TULUM, Mexico – Visitors traveling along the federal highway will soon have access not only to the Tulum archaeological site but also to the newly expanded section of the Jaguar National Park. This announcement came during a recent tour of the municipality by Román Meyer Falcón, the head of the Ministry of Agrarian, Territorial, and Urban Development (Sedatu).
Meyer Falcón emphasized the commencement of new projects, with one notable addition being a dedicated observation tower. He shared insights into the substantial investments made, stating that approximately 2 billion pesos are being allocated to various infrastructure developments within the Jaguar National Park. “We conduct inspections every 15 days to monitor progress, as time is of the essence. However, we are confident that we can open the park by the end of the year,” he assured.
During an interview conducted as part of his inspection tour, the federal official provided specific details about ongoing construction projects. One of the key undertakings is the connection of the Tulum station of the Maya Train to the Jaguar National Park. This connection will span nearly 800 linear meters, facilitating easy access from the train station to the park’s final section. Additionally, a new deceleration lane is being built on the road leading to the park, offering two entry points, one from the train station and the other from the highway. This comprehensive effort includes the construction of a roundabout and a dedicated deceleration lane.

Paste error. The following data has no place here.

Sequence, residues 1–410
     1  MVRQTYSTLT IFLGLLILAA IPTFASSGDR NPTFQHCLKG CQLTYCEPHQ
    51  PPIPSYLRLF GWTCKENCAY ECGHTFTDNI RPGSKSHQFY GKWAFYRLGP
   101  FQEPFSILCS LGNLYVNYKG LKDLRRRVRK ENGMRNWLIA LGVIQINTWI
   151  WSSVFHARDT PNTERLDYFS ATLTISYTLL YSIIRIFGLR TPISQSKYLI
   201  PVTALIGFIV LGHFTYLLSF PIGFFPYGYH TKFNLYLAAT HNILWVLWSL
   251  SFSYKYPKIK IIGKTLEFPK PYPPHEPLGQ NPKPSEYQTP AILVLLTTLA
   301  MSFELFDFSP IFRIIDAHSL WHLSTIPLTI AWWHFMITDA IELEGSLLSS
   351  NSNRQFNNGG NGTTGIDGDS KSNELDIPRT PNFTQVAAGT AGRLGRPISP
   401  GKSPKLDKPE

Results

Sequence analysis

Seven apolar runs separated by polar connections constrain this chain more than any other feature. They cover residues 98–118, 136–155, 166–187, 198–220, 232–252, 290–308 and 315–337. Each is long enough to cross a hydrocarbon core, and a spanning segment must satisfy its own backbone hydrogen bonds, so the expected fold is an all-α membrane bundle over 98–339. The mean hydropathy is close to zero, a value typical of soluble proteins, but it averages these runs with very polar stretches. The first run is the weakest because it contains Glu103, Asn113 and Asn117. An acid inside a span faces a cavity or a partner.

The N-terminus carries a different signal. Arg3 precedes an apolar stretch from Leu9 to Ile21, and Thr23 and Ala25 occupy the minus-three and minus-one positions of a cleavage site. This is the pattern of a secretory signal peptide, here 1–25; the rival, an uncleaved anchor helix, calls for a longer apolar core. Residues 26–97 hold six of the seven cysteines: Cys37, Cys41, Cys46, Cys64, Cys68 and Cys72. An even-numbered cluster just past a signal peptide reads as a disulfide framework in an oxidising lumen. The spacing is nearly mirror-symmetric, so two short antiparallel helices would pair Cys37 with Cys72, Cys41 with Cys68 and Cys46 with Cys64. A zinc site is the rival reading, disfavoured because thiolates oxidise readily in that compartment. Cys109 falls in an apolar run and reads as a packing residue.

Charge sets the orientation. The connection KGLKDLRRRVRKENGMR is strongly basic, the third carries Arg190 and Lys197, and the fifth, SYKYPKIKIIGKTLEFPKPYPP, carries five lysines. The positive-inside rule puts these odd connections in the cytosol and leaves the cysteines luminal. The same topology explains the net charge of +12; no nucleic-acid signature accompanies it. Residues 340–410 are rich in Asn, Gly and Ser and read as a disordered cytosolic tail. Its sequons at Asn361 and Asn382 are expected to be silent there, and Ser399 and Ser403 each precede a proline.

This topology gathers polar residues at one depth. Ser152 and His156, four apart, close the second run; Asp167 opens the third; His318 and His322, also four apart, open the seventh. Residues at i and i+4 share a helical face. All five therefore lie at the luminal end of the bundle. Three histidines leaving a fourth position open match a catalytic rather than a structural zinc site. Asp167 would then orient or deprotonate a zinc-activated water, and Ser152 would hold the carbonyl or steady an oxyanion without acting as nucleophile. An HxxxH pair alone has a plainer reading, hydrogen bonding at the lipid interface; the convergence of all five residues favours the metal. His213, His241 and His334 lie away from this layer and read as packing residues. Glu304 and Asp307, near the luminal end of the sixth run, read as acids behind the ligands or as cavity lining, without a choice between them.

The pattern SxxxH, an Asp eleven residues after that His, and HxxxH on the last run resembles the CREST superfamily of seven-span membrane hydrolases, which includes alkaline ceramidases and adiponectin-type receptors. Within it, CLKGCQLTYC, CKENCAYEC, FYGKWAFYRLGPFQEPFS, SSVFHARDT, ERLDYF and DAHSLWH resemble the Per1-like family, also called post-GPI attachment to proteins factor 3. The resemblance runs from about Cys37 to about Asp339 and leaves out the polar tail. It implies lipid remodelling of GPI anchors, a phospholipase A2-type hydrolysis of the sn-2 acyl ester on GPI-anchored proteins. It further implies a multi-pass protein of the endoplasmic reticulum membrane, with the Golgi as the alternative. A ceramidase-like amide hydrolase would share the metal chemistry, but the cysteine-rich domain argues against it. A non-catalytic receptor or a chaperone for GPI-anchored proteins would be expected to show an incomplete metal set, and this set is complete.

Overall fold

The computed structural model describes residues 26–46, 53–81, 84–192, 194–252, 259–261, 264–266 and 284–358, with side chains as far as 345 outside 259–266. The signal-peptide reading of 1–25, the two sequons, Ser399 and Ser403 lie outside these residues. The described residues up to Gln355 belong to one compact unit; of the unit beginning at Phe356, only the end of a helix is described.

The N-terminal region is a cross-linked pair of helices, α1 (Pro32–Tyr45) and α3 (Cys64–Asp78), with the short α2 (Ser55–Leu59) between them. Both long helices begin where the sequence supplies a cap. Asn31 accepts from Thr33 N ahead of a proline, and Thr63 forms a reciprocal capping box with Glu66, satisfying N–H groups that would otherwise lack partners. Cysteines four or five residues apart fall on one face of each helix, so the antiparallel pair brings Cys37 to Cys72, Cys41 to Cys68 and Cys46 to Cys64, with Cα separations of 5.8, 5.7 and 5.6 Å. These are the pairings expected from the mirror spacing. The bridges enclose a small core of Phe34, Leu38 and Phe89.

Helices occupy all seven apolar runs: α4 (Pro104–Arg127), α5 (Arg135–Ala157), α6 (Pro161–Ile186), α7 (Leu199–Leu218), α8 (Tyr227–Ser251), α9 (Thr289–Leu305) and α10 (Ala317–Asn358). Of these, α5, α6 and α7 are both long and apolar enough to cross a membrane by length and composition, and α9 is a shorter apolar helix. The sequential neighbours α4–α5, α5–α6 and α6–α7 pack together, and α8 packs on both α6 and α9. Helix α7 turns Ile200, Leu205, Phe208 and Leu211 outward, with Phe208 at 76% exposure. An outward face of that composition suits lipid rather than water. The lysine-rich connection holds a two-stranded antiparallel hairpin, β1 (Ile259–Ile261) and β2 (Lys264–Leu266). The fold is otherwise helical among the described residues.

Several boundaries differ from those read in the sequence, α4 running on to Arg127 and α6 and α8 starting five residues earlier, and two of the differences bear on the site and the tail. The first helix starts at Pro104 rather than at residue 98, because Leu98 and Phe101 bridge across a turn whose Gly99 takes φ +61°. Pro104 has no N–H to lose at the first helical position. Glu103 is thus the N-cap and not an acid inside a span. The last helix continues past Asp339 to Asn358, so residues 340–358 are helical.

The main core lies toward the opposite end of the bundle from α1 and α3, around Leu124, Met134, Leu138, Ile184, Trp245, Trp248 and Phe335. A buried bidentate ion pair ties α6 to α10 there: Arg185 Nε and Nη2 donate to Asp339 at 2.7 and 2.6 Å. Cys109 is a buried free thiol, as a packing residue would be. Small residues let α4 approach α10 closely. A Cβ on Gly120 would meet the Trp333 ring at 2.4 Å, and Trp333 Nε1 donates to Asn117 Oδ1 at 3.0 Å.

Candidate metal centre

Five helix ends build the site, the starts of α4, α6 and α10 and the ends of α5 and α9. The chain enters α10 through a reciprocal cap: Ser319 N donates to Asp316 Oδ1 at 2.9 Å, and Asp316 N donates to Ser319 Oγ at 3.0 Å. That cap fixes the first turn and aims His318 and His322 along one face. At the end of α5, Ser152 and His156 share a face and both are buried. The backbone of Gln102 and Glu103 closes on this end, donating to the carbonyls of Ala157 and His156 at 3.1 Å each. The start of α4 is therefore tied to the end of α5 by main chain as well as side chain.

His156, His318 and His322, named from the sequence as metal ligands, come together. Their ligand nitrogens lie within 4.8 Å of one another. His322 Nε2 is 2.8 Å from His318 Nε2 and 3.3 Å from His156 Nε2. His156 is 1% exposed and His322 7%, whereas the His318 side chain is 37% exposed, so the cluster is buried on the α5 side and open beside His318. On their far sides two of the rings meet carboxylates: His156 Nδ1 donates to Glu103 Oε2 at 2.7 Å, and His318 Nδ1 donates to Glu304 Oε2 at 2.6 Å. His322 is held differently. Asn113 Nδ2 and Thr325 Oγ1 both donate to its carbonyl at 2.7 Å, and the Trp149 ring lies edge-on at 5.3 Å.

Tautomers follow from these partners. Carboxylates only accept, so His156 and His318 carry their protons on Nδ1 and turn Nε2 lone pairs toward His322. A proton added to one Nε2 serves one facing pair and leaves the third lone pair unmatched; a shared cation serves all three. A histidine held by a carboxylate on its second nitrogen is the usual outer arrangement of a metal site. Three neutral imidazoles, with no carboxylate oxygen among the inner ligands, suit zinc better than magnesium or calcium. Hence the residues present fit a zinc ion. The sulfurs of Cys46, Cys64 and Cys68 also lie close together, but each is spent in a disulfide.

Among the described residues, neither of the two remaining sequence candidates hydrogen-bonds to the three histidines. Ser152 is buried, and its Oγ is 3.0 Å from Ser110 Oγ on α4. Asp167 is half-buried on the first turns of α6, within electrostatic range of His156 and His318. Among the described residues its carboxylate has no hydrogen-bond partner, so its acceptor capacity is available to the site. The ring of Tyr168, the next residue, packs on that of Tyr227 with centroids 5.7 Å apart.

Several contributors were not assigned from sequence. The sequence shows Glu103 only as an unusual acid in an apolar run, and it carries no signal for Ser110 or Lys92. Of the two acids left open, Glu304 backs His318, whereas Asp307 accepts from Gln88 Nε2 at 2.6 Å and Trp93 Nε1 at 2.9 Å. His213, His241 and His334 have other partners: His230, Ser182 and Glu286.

Meyer Falcón highlighted the construction of an observation tower, a notable addition to the 300 new hectares designated as part of the Protected Natural Area. This tower will provide unobstructed views of the Tulum archaeological site and the entire park. Regarding the southern access viewpoint, he explained its symbolic importance as it positions one of the main entrances alongside the central access, where the new Museum of Maya Culture will be located, and the northern access to the Maya Train station. Standing at a towering height of 19 meters, tourists will have a panoramic view of the archaeological site, the Jaguar National Park’s pristine beaches, and a breathtaking vista of Tulum City.
Importantly, Meyer Falcón emphasized that access to these structures will be complimentary, serving as a reference point for tourists to purchase tickets for the archaeological site. This collaborative effort is being coordinated with the National Institute of Anthropology and History (INAH) and the Secretariat of National Defense (Sedena), with the latter entity tasked with operating the Jaguar National Park.
This ambitious initiative promises to enhance the tourism experience in Tulum, offering visitors a unique opportunity to explore the natural beauty and cultural heritage of the region while promoting sustainable practices and preservation efforts. As the projects near completion, anticipation mounts for the grand unveiling of these new attractions, which are set to enrich the Tulum experience for locals and tourists alike.